Due to changing work environments (and changing public health protocols), remote work has become a common practice across a variety of industries. Companies that didn’t have any employees working in that manner just a couple of years ago might have a significant number working remotely today.
This new work dynamic creates many opportunities for employees and businesses, with enhanced flexibility and convenience that wasn’t possible previously. But those advantages also come with significant challenges. When an employee works from home or another off-site location, they take sensitive data with them. And as well as that information might be protected within your company, it’s at risk without a comprehensive plan for remote work employees. Cybersecurity is just as important for those workers, and it takes special consideration to make sure that best practices are used throughout the organization.
First and foremost, employees need to be using safe methods of connecting to the internet. Working remotely doesn’t always mean working from anywhere; just logging on to public Wi-Fi at the local coffee shop cannot be a viable option for workers engaging in sensitive communications and accessing proprietary data.
One solution is to use a personal hotspot when working in public. By tying the connection to a dedicated device, such as the user’s cell phone, an employee can avoid public connections entirely. If the organization provides a phone to the worker, it should be simple and efficient to utilize the hotspot feature in a public setting.
If workers need to access network applications remotely, they can protect the data they transmit by utilizing a virtual private network (VPN). VPNs are popular and easy to set up, but they vary widely in price, scope, features, and speed. A large number of remote employees accessing the network simultaneously can slow down production, and some VPNs might not provide the scope and degree of encryption your company needs. Alternately, other encryption services can provide safety and security without the use of a VPN. In those cases, be sure you’re getting end-to-end encryption so all points of communication are protected.
Passwords, 2FA and MFA
Password security is a well-known issue for companies, and it gains even more importance when incorporating remote employees into the workflow. Strong passwords that are varied across devices are essential in any work setting. Employees should understand the importance of good password management, and a password manager might be useful in keeping passwords complicated and random, as well as preventing employees from forgetting them.
Many people are familiar with two-factor authentication (2FA) in different day-to-day activities, such as online banking or accessing health-related information. That same technology can be used to ensure a password isn’t compromised. The second factor can be a pre-determined question, or an access code sent to a cell phone, making it harder to get into a device or network by simply obtaining the current password.
Multi-factor authentication (MFA) takes the concept a step further, adding in voice, fingerprint, or even retinal recognition to authenticate a user. While it’s a complex and expensive system to utilize, it can provide a valuable layer of security (and peace of mind) for companies that deal with information likely to be targeted by external threats.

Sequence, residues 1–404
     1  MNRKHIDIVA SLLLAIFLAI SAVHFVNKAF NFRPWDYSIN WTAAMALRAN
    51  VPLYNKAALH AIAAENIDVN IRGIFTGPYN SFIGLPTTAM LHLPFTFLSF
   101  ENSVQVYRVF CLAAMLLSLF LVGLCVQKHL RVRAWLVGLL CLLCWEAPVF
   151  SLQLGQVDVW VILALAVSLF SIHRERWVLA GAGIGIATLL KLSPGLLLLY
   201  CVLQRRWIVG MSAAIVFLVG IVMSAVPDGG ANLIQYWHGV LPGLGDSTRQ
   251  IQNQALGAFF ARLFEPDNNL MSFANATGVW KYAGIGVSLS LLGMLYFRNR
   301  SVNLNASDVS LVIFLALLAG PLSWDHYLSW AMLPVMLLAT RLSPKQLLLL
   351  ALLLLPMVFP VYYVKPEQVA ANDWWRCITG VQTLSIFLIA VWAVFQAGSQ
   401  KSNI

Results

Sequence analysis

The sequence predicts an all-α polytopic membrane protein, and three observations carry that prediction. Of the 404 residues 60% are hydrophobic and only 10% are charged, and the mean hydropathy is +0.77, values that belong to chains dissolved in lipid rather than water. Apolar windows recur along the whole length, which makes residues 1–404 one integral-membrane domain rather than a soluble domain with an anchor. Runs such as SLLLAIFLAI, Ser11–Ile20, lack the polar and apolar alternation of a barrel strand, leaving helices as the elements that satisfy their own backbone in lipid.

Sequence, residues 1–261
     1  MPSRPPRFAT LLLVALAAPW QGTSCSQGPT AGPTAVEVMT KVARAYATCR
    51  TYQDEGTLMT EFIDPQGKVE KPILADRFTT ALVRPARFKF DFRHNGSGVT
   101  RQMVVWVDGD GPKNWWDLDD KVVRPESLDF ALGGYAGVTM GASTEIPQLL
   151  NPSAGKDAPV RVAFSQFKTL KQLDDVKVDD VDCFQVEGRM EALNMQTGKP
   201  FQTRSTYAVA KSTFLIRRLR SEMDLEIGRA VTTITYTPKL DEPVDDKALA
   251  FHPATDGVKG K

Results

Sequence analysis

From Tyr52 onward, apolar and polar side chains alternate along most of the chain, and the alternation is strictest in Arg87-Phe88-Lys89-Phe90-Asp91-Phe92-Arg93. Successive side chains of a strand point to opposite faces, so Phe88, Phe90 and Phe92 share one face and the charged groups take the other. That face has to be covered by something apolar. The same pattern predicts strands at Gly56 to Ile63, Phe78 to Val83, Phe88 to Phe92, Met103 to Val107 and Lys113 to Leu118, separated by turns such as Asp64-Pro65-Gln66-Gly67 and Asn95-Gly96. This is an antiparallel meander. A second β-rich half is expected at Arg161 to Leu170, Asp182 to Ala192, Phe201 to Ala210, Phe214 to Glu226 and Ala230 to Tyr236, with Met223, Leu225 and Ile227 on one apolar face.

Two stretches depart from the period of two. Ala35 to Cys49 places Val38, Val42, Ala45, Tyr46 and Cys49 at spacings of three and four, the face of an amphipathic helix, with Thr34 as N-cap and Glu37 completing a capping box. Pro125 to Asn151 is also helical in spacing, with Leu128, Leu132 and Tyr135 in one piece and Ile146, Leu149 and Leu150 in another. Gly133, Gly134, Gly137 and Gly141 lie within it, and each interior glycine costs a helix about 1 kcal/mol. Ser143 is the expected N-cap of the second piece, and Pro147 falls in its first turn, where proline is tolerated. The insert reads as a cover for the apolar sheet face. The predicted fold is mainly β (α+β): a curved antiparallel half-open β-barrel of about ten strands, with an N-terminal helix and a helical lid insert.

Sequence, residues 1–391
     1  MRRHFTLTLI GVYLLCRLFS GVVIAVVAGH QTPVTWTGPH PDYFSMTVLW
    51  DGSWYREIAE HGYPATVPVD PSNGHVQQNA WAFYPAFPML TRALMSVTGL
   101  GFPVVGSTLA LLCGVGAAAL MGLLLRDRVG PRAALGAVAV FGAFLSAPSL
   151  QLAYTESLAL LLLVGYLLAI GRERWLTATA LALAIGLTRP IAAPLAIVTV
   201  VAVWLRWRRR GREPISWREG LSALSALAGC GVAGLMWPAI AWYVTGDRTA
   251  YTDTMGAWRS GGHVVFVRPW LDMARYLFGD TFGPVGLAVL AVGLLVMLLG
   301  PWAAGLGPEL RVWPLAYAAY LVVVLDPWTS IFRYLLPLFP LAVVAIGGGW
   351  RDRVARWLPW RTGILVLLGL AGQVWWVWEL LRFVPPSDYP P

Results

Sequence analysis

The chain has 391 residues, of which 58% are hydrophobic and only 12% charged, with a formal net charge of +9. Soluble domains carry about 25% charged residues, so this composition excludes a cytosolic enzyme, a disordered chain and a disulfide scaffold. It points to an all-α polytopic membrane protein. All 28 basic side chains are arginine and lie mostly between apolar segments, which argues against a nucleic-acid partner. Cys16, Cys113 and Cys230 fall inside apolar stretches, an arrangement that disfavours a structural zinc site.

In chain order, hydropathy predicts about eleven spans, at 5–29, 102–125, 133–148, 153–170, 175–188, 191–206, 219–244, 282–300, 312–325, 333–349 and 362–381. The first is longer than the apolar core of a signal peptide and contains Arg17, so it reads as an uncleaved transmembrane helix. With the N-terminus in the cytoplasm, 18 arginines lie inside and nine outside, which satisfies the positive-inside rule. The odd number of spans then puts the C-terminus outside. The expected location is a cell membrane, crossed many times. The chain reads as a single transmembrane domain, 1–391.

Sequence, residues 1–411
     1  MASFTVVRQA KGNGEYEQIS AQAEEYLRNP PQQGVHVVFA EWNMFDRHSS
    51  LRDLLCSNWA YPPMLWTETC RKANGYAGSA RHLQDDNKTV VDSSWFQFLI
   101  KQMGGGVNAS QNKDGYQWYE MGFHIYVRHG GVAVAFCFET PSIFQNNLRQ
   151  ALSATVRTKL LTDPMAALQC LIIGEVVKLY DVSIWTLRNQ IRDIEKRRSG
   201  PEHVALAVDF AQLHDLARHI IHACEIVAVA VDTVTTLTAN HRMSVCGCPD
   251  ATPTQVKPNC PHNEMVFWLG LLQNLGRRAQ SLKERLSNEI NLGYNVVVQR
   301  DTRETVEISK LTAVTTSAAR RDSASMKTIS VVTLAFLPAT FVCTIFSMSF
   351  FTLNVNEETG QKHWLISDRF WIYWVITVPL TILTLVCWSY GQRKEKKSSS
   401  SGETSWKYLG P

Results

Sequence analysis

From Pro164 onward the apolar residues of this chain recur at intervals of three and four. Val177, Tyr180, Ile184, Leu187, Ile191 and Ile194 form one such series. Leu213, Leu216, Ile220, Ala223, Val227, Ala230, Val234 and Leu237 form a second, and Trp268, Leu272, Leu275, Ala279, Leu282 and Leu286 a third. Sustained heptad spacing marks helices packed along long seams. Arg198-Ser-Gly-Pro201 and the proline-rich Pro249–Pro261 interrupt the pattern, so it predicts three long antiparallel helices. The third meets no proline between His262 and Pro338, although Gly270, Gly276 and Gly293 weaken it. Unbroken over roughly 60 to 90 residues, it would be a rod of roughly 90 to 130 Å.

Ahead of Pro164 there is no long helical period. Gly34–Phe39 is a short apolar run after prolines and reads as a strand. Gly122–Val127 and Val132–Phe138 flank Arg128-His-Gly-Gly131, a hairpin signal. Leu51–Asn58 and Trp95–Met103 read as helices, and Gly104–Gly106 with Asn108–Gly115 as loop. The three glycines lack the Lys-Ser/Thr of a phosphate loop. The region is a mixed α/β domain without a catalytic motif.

Different Devices for Different Uses
When an employee works from home, it might seem convenient to use their personal computer to log onto the network or perform work tasks using their own devices. Unfortunately, that decision also complicates cybersecurity measures.
A company device dedicated only to work product ensures that it has all the software and updates the IT department requires for optimal security, including malware and antivirus protection. It also prevents unauthorized devices (like home computers, laptops, or tablets) from entering the network and bringing their own unintentional threats to the ecosystem.
Finally, mandating separate devices means all work product originates from the same set of tools, and there’s no chance that important data could be found (or subsequently lost) on other devices.
Other Remote Work Tips
Employees who work remotely should be aware of critical dos and don’ts to keep devices and data safe:
- Never leave devices unattended or in a car.
- Be aware of your surroundings and utilize privacy screens when necessary.
- Don’t compromise devices with software or thumb drives that haven’t been vetted.
- Don’t charge devices in public outlets without a data blocker.
- Connect hardware to outlets protected from electrical surges and/or power failures.
Each person working remotely is in charge of their workspace and devices. In essence, they have to act as an extension of the IT department and make sure their work product is as protected as it would be in an office setting.
Establish Company Protocols
Companies that are serious about maintaining strong security habits with remote workers should have a uniform policy for everyone, with standards that are easy to understand and implement. A specific training course can be helpful so company policies are presented at one time by the appropriate management. If certain devices are the only ones approved to log onto the network, or “remote work” is confined to dedicated home space, or other tools such as software or hardware are necessary for them to complete their tasks, providing all the information in one session can help provide the framework necessary for effective remote working.